The other strange thing happened a little later, when I came upon half a dozen men. They had on dirty, ragged uniforms of some kind, but not German, and they were unarmed, so far as I could tell. I pointed my rifle at them. They put their hands in the air. Then one of them spoke--and they were Italian. I believe they may have been conscripted to work in that munitions plant. But they were our enemies, too, just as much as the Germans. Italy was part of our "Axis of Evil," along with Germany and Japan. So I figured it was my duty to take them prisoners of war. But I didn't want to try to find my unit, in the dark, with six POWs in tow. So I just herded them into an abandoned office, with a big desk and a big chair behind it. I sat down, with my rifle across the desk, pointed at them, and I motioned for them to sit on the floor with their backs against the wall, facing me. We found a few candles, lit them, and put them on the desk. And I was prepared to stand guard (or, rather, sit guard) the rest of the night. But, after an hour or two, I fell sound asleep. And I guess they did, too, because when I woke up next morning, they were still sitting, or lying, on the floor. And I thought to myself, "This is ridiculous. Why should I take these people prisoners? This is stupid." So I just waved goodbye and walked out, and finally caught up with my unit.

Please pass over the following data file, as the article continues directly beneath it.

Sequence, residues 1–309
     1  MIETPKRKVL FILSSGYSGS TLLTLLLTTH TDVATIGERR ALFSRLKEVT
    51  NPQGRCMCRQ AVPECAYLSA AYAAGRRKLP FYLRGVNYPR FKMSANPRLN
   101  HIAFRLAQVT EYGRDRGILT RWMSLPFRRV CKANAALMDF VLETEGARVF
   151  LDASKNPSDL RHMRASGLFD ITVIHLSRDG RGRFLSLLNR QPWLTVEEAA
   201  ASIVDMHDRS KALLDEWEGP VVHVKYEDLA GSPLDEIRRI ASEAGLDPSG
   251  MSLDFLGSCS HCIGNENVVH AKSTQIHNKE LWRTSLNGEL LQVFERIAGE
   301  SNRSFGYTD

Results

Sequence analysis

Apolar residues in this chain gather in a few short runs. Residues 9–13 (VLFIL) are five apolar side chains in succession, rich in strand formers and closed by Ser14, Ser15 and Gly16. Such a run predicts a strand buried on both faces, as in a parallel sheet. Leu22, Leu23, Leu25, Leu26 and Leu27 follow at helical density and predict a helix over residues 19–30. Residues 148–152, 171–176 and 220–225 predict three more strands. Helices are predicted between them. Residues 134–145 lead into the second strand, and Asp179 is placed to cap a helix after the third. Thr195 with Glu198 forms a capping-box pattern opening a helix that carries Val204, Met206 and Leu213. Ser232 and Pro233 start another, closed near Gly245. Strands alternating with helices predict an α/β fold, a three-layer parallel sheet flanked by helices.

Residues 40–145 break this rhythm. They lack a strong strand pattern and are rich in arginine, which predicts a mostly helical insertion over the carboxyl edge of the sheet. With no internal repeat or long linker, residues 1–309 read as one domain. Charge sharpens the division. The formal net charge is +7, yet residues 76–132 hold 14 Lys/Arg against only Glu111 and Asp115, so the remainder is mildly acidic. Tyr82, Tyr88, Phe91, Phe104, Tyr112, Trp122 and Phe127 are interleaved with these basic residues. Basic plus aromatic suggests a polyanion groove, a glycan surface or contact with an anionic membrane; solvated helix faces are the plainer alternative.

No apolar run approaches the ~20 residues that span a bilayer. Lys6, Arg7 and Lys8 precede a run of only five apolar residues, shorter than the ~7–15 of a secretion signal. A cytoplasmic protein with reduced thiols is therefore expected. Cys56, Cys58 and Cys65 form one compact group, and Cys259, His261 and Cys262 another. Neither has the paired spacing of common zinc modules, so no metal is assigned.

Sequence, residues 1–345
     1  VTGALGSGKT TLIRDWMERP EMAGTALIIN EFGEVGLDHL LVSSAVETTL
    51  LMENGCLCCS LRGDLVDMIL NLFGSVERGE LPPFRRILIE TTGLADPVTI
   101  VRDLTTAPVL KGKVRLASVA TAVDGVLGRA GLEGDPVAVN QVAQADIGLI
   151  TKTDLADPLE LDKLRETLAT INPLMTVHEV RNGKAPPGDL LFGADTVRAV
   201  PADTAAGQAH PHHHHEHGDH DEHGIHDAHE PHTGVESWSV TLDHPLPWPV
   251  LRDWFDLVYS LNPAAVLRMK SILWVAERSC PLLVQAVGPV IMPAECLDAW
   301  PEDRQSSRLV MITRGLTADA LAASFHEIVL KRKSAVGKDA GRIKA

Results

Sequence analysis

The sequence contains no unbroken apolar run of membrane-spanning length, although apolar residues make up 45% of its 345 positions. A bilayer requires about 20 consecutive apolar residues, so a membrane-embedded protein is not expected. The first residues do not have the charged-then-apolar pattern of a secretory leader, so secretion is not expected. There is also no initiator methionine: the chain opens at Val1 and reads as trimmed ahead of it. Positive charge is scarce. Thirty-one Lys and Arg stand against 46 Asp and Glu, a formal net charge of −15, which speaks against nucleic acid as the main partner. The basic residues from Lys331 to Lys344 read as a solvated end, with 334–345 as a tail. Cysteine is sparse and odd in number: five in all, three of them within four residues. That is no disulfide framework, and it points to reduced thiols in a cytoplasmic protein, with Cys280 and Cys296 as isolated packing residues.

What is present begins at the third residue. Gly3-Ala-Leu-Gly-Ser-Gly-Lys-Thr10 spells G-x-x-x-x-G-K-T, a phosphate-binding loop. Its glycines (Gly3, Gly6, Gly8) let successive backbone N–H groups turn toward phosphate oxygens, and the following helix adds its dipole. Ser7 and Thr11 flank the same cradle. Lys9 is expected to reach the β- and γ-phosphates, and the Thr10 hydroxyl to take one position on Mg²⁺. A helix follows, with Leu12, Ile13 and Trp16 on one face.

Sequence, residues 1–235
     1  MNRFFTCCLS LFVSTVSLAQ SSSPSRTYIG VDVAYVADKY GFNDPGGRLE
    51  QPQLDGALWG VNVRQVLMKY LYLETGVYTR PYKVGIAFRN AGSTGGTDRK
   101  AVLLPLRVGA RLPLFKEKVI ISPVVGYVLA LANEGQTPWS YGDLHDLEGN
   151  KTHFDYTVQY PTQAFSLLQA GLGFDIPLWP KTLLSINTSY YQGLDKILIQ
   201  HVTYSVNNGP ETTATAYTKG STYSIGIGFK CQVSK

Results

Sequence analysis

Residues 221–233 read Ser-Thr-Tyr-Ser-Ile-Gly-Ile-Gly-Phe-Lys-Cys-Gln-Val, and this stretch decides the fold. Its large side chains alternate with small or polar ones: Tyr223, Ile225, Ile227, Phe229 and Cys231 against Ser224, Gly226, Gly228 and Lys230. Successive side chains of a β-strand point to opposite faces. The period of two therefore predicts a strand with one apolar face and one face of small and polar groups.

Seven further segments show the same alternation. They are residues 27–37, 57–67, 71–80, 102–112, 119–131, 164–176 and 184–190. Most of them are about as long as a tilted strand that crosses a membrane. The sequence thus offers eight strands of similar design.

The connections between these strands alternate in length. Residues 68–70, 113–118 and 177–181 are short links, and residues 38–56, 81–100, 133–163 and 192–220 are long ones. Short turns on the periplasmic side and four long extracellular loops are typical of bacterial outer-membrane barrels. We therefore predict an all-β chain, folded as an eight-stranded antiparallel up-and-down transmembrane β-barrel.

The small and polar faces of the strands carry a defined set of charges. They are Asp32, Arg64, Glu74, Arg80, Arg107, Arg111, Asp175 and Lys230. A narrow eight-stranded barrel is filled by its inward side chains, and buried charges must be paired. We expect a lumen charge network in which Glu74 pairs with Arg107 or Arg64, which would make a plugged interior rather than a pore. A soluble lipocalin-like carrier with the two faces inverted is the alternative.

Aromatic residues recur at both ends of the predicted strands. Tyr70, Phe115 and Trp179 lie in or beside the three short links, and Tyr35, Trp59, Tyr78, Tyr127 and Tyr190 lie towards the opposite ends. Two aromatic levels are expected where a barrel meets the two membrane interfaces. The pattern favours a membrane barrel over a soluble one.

* * *
Shortly after VE Day, I was transferred to the Second Infantry Division. My old unit stayed in Reims, France, on occupation duty. My new one was shipped back to the States for the invasion of Japan. How lucky can you get?
We landed in New York Harbor, and the legendary German-born actress, Marlene Dietrich, greeted us at the dock, as a morale-boosting gesture. A famous photographer named Alfred Eisenstadt was there to shoot pictures for LIFE Magazine. He called for two of us to hoist Miss Dietrich on our shoulders for a shot. I happened to be standing close by, so I quickly grabbed one leg, and another GI grabbed the other. (And these were probably the most famous legs in the world.) As soon as LIFE hit the news-stands, I snatched up a copy and looked for my picture--but it wasn't there. They had used a couple of others, instead. But I can truthfully say--and I often do--that I have felt of Marlene Dietrich's legs. Well, one of 'em, anyway.
* * *